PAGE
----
Myths & Legends

Brú na Bóinne; the legends behind the tombs

Brú na Bóinne is one of the most important prehistoric megalithic sites in Europe drawing thousands of visitors daily. Each of the tombs has their own myths to explore against the beautiful backdrop of the gently meandering River Boyne. You will marvel at the skill of these prehistoric builders The Dinshenchas, from the Book of Leinster (a manuscript from the 12th century) is a very useful source for anyone interested in Irish mythology. This collection of poems tells the origin of place names, events and characters. It recounts the legends behind Brú na Bóinne, the Palace of the Boyne.

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Brú na Bóinne; the legends behind the tombs

Inbher Copla; the Gateway to the Boyne Valley

The area just south of Inbher Colpa (the mouth of the River Boyne) has some beautiful beaches stretching from the north of Mornington through Bettystown as far south as Laytown. Typical of the Boyne Valley, each of these coastal towns and villages has their own interesting folklore.

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Inbher Copla; the Gateway to the Boyne Valley

Kildemock`s Jumping Church

One of the Boyne Valley`s most puzzling mysteries can be found just outside Ardee in Co. Louth. The picturesque ruins are set against the backdrop of Carlingford and the Mourne Mountains. The history of the church dates back to the 12th century but it wasn`t until 1715 that this sacred place became shrouded in mystery.

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Kildemock`s Jumping Church

Tlachtga (Hill of Ward), Athboy

This humble hill in Athboy is home to a feast known as Samhain celebrated on the 31st of October every year. In modern times it's known as Halloween. In the time of Tuatha Dé Danann, legend says the hill took its name from Tlachtgla. She was the daughter of the druid, Mogh Ruith. Tlachtga fled her father's house and gave birth to three sons; Dorb, Cuma and Muacth and then died. She was buried on the hill. In the Celtic period Tlachtga was a religious centre. Festivals such as Samhain, the first day of winter, and the day of the dead were celebrated here.

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Tlachtga (Hill of Ward), Athboy

Old Mellifont Abbey; European monastic life comes to Ireland

Sadly the practices of the Celtic Monastic period became questionable and by the 12th century abbeys such as Monasterboice were in demise. Rome with reform in mind decided that the monasteries would be the vehicle for change in Ireland. Ireland`s first European style monastery came only a few miles down the road from Moansterboice at Old Mellifont Abbey where St. Malachy, Archbishop of Armagh, who along with a group of Irish monks had trained in the Cistercian order at Clairvaux, Burgundy. Along with the help of some French monks St. Malachy founded the abbey in 1142.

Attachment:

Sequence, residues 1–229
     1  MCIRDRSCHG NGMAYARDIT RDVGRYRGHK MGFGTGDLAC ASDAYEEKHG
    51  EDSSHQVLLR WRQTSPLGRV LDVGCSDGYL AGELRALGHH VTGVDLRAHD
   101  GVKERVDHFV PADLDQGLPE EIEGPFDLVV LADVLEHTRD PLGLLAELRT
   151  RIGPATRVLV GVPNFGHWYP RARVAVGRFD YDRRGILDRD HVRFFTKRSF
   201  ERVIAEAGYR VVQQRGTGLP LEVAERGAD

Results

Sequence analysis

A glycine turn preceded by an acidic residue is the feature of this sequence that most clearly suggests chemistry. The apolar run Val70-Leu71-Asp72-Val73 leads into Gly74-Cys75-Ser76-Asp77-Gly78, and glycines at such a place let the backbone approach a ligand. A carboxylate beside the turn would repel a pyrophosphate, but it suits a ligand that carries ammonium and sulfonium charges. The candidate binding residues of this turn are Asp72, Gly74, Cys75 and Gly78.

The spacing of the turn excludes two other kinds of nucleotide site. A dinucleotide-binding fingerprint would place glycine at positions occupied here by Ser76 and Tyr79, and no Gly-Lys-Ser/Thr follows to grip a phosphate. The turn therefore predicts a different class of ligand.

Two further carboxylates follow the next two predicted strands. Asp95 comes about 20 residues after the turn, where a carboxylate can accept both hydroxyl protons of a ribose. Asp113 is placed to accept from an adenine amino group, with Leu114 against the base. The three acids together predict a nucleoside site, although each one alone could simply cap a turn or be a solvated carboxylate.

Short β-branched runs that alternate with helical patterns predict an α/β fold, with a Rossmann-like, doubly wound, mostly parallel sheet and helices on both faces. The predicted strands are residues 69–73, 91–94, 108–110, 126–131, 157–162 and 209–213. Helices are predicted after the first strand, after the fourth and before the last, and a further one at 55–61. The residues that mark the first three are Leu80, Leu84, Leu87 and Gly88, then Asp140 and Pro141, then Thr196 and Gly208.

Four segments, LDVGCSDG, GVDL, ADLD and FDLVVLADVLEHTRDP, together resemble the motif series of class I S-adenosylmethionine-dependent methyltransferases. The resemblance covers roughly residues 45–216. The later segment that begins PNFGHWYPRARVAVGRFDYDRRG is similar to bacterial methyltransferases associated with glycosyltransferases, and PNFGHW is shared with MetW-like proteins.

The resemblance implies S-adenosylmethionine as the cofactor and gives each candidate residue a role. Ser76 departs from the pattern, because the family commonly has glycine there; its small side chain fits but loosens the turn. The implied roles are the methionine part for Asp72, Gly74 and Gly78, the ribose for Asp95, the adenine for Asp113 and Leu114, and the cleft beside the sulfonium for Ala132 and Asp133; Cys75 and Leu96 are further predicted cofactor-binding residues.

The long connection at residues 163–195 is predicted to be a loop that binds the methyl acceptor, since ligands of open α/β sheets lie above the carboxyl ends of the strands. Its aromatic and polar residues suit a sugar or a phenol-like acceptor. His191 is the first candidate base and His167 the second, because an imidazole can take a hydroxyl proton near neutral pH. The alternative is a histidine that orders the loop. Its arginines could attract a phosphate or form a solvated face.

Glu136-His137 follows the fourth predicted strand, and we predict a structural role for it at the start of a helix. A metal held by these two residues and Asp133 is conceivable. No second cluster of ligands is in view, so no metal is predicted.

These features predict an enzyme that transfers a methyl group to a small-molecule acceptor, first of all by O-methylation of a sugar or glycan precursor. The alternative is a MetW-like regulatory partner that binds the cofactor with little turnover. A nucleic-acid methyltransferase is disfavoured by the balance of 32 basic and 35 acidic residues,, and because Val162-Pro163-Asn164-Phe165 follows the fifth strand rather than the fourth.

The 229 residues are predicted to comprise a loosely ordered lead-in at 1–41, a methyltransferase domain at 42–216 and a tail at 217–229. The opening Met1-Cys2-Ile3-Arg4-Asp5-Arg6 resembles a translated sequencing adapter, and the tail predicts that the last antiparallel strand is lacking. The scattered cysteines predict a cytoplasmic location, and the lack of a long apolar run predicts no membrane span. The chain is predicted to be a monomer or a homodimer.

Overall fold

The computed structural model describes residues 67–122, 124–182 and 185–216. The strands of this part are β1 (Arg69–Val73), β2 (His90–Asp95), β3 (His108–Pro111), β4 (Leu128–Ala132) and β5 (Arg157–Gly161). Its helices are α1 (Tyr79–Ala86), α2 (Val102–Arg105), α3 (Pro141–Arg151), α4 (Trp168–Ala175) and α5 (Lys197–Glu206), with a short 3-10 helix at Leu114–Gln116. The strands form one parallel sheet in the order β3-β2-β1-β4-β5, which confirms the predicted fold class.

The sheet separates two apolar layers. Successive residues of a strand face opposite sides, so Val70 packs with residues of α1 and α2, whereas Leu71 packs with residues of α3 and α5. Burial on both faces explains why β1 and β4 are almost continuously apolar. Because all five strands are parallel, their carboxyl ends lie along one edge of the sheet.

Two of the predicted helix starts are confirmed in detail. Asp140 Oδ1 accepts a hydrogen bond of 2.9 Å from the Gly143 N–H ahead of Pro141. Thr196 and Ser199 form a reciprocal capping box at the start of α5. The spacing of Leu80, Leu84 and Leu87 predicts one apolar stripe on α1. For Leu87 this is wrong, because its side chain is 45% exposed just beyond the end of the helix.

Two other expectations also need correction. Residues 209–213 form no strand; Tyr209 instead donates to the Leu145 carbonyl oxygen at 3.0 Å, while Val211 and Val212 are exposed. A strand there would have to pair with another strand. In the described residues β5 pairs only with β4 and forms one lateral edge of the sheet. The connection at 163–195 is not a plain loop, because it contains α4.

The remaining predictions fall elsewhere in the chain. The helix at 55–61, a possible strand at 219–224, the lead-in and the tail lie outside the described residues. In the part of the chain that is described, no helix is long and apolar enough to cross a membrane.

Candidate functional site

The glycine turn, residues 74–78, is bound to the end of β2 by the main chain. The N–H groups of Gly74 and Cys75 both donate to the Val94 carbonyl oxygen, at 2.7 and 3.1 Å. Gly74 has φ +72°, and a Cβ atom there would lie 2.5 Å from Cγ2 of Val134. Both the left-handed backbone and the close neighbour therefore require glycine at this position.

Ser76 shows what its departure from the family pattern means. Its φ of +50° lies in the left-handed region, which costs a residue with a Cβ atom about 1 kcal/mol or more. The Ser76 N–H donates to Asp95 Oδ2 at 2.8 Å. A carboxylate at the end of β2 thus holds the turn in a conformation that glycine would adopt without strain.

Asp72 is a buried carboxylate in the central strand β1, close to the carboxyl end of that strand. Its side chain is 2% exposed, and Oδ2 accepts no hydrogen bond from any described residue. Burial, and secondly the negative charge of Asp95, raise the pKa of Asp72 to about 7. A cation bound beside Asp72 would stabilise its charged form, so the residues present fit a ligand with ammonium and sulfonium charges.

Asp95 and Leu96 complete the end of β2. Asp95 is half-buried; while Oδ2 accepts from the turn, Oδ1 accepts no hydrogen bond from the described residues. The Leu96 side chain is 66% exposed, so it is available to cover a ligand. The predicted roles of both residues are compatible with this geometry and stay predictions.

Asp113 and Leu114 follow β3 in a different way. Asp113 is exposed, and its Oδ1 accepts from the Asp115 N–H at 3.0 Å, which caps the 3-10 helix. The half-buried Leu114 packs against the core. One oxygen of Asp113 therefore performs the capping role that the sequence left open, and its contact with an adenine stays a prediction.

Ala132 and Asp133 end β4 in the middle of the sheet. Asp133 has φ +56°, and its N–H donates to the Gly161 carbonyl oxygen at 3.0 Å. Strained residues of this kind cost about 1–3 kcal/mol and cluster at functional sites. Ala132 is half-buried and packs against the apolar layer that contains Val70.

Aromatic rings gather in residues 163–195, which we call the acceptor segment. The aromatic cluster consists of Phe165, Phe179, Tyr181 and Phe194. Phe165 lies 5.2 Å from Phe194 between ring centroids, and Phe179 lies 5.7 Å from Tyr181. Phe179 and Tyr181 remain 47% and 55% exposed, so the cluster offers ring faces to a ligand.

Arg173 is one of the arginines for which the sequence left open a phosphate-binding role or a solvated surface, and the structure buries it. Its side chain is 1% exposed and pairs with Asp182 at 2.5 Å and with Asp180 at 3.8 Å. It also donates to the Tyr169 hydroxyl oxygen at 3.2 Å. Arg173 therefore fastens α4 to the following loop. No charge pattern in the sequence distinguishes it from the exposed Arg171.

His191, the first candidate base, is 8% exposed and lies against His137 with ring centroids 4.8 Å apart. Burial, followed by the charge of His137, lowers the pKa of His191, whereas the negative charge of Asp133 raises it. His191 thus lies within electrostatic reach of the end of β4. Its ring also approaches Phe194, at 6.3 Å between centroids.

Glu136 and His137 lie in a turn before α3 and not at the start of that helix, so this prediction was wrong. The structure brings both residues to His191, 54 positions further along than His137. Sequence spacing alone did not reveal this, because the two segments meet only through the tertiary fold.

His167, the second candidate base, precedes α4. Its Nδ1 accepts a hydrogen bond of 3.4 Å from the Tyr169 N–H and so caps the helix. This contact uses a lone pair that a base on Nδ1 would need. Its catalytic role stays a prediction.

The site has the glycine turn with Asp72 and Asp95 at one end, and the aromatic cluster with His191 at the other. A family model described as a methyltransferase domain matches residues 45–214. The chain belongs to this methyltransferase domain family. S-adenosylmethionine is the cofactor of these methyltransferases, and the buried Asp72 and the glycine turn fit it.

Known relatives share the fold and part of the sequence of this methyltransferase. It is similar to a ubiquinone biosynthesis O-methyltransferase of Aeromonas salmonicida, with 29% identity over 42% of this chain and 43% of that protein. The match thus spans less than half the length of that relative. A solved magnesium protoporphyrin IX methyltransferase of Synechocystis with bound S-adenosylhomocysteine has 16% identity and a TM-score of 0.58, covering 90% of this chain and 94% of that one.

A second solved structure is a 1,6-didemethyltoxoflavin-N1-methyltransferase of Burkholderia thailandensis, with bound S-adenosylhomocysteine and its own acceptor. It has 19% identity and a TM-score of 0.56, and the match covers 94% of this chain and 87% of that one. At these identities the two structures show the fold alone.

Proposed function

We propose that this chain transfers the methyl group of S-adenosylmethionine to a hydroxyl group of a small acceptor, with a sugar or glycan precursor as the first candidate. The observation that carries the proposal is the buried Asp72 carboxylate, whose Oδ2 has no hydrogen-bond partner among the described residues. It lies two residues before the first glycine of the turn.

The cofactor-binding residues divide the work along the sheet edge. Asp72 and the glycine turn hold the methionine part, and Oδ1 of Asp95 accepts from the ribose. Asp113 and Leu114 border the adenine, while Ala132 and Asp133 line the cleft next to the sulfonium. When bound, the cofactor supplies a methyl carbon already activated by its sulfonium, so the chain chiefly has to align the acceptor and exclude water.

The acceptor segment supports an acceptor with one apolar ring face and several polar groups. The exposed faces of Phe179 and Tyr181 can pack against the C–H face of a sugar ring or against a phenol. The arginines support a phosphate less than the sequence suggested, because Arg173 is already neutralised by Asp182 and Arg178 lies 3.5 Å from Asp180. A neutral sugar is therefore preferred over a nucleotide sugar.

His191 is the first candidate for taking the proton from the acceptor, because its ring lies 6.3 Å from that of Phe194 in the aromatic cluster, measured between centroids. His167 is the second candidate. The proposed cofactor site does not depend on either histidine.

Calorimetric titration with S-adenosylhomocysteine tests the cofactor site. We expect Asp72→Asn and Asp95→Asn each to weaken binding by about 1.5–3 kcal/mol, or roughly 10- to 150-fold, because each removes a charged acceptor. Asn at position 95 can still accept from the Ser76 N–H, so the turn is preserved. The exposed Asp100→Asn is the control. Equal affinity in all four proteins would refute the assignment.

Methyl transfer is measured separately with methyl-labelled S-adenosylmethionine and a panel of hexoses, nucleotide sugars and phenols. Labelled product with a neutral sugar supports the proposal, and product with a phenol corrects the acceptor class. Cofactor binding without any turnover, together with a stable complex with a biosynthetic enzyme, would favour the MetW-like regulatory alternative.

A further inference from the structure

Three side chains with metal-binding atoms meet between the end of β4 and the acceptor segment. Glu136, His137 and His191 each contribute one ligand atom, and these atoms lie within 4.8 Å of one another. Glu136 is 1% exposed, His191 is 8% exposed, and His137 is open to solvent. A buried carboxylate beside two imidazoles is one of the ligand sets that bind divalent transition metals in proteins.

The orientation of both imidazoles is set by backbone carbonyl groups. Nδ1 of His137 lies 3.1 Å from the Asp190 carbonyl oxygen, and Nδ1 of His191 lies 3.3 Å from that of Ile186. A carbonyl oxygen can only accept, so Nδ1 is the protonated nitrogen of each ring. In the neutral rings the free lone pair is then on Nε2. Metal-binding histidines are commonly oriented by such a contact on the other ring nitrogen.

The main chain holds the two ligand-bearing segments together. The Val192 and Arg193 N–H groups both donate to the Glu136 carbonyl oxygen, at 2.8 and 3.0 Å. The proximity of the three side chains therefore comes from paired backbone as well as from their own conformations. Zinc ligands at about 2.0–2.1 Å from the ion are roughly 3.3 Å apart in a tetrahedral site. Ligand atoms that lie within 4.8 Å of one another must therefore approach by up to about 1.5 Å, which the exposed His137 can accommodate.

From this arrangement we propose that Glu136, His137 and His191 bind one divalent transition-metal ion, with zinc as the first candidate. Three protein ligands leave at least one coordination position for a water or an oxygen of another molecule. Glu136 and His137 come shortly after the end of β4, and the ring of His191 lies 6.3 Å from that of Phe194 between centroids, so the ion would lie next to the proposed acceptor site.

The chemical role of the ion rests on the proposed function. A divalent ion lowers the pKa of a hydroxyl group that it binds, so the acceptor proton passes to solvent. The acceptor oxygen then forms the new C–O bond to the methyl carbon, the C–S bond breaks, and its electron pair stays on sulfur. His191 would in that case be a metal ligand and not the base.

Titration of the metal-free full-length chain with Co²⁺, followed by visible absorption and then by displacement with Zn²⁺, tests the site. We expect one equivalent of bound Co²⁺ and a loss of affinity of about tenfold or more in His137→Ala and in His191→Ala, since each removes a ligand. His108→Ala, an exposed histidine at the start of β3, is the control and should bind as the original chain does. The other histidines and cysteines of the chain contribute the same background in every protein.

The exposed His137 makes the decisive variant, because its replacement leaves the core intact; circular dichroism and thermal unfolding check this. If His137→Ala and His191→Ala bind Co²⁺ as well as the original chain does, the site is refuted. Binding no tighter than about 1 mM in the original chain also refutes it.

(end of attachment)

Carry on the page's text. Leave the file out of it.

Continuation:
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Old Mellifont Abbey; European monastic life comes to Ireland

Monasterboice; the finest High Cross in Ireland

Monasterboice, near Drogheda, was founded in the 5th century by St. Buite, one of St. Patrick's original followers. Today the impressive set of ruins contains a graveyard, two churches, a sundial and a round tower. The site is best known for its collection of High Crosses. There are three fine examples most notably the South Cross (or Cross of Muiredach) and the West Cross (or Tall Cross). These crosses depict stories from the Old and New Testament that would have been used to educate early Christians.

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Monasterboice; the finest High Cross in Ireland

Millmount; the resting place of Ireland`s first great poet Amergin

The Martello tower atop Millmount takes pride of place overlooking Drogheda, one of Ireland's most picturesque medieval towns. Millmount's history dates back much further however. Local folklore says that Amergin, the great poet and son Míl is buried at Millmount. He is said to be the first Milesian to set foot in Ireland, on the banks of the Boyne, upon which he recited his famous poem. Amergin then divided Ireland into two kingdoms for his brother's éremón and Eber, using Millmount to mark the border between north and south.

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Millmount; the resting place of Ireland`s first great poet Amergin

Loughcrew Cairns; Hill of the Witch

The grandest concentration of Neolithic passage tombs in Ireland can be found at Loughcrew. Local folklore maintains that the site is the work of the “monster woman” who once ruled the area. Loughcrew`s name in Irish is Sliabh na Callaí meaning “Hill of the Witch” or “Hags Hill.” The name of the ancient hag was Garavogue, known locally as An Cailleach Bhéara. This witch or hag may have had her origins in the Celtic goddess Buí, whom we encounter at Knowth in Brú na Bóinne. She was a Moon Goddess or Earth Mother.

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Loughcrew Cairns; Hill of the Witch

Kells; the home of Ireland`s finest treasure

Kells is synonymous with early Christian architecture and it remains one of Ireland`s greatest monastic settlements. Before the arrival of Christianity Ceanannas Mór, the Irish for Kells, meaning “great residence,” was a royal residence much like the famous Hill of Tara. It wasn`t until the 6th century that Kells came to prominence as a monastic settlement. St. Colmcille or Columba was granted Kells by the then High King, Diarmuid MacCarroll, of the Uí Neill. He was the cousin of Colmcille and it is said that the two had many disagreements.

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Kells; the home of Ireland`s finest treasure

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